During our first week of school, I found myself nagging my first grader on the daily. Little arguments ensued which was basically my son trying to convince me to give him 5 more minutes to do whatever it was that he was doing. And his negotiation game is strong. It takes a lot of effort on my part to stick to my word and not cave. I also don’t particularly like having to say “no” all the time.

Nevertheless, I created this chart which we implemented in week two of school.

Many families use charts for helping their little ones learn responsibilities. But it’s not always as simple as putting together a fancy chart to get kids to follow along.

If you’re’ looking for a way to get into a weekly routine, want to nag less and get the kids involved in taking their responsibilities, implementing a simple chart like this may be helpful if done correctly.  I’m not terribly artistic, so I kept it simple and didn’t invest too much time putting it together. If art is your thing, you can take it to the next-level!

Here’s how to set it up so that you’re successful:

  1. Have a schedule in mind that you think will work for your family, REALISTICALLY. Keep your expectations about yourself, spouse and kids reasonable. Baby steps. Perhaps wait a few days or even a week and take some notes on “problem areas” in your after-school routine. For us, it was homework and dinner. These two were like curse words!
  2. Make sure the times are clear. Since my chart was handmade and I literally put it together in 10 minutes, it isn’t the most accurate. But a few minutes here and there really don’t make a difference.
  3. Incentives to stick to the schedule should be built into the chart. No prizes, candy, toys. The incentive is “free time” to do ANYTHING THEY WANT (within reason of course).
  4. “Free time” should be ample and visually clear on the chart. Put the free time directly after the “problem areas”. In my chart, “free time” is indicated by the orange squiggly lines. The catch is the sooner you get the responsibility done, the sooner you can take advantage of the “free time”. The longer you drag out the responsibility, it starts to dip into the “free time”. Choose wisely, kids!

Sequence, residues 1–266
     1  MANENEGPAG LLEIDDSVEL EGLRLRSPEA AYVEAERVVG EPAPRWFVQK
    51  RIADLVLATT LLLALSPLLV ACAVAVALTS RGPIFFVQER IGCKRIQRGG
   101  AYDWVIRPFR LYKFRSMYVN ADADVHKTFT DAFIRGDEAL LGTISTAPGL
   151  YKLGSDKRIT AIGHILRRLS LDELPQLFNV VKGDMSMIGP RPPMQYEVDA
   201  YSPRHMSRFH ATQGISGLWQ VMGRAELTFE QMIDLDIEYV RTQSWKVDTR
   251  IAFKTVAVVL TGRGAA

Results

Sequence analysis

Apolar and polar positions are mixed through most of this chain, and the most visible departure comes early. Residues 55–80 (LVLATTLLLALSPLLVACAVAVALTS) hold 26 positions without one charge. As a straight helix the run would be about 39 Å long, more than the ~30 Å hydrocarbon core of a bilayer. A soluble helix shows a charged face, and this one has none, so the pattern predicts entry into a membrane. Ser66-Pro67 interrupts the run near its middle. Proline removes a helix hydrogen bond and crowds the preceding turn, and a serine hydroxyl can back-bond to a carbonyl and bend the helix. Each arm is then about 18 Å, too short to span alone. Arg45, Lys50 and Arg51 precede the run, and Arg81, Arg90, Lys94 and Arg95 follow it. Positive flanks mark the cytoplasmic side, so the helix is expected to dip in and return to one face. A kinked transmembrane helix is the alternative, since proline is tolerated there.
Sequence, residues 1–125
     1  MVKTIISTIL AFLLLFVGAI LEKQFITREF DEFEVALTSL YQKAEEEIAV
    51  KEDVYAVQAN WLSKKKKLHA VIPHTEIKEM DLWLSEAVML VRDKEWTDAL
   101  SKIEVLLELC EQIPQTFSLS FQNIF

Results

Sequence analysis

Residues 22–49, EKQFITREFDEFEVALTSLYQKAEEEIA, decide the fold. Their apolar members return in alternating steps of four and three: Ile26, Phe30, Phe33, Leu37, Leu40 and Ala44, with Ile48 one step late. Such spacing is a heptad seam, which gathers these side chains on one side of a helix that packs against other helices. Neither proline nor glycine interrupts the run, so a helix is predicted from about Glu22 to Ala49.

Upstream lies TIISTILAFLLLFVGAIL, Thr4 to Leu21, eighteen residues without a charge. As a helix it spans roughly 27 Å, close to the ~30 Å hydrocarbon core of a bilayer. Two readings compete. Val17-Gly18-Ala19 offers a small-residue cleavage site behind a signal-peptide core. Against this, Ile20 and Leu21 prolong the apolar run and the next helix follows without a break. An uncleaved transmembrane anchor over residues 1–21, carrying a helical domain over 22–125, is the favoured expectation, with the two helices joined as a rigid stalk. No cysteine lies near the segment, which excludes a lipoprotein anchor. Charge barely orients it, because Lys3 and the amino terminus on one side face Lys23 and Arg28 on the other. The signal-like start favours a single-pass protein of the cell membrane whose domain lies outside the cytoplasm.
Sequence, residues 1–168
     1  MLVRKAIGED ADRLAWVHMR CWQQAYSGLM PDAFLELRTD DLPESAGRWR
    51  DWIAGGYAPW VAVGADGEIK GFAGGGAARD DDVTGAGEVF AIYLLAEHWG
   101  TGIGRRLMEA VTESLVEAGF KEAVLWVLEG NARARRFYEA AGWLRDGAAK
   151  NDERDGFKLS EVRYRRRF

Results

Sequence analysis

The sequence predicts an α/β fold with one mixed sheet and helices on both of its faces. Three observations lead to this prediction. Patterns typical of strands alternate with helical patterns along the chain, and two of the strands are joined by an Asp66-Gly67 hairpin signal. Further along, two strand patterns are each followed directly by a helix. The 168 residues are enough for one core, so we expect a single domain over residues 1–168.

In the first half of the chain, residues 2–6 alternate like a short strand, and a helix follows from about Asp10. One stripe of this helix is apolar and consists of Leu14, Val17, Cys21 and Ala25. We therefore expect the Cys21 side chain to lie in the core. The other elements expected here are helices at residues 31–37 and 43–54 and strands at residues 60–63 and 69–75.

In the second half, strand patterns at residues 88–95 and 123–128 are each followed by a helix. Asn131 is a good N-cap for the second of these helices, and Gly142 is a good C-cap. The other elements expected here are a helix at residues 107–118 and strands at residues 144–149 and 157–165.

5. Get buy-in from the kids. This is just as important as anything else. The kids have to be excited and committed to the chart otherwise it’s not going to work and you’ll now be nagging about the chart.
  6. Place the chart at their eye-level. They need to be able to go read it, look at it, become one with it. Ours has found its residence on the fridge.
  7. Perception is everything so all family members must follow the schedule. If some of the children feel like they are getting short-changed, then again, this is going to fail. My three year old engages in other activities while my six year old does homework and then they use their “free time” together to usually watch TV.
  8. Stick to it! It takes a little time before the kids get use to checking the chart for what’s next on the agenda. When the begging starts for doing whatever it is that they want, you simply refer them back to the chart. If it’s “free time” then the answer is yes.
  9. If you find that the schedule needs to be tweaked, don’t hesitate to modify it. But again, make sure to get buy-in. Let the kids know that you noticed that certain things weren’t working so you want to make it easier by adjusting the schedule. No surprises.

If you decide to go the chart route, I’d love to hear from you on how it’s working. Best wishes to you and your kiddos for an awesome school year!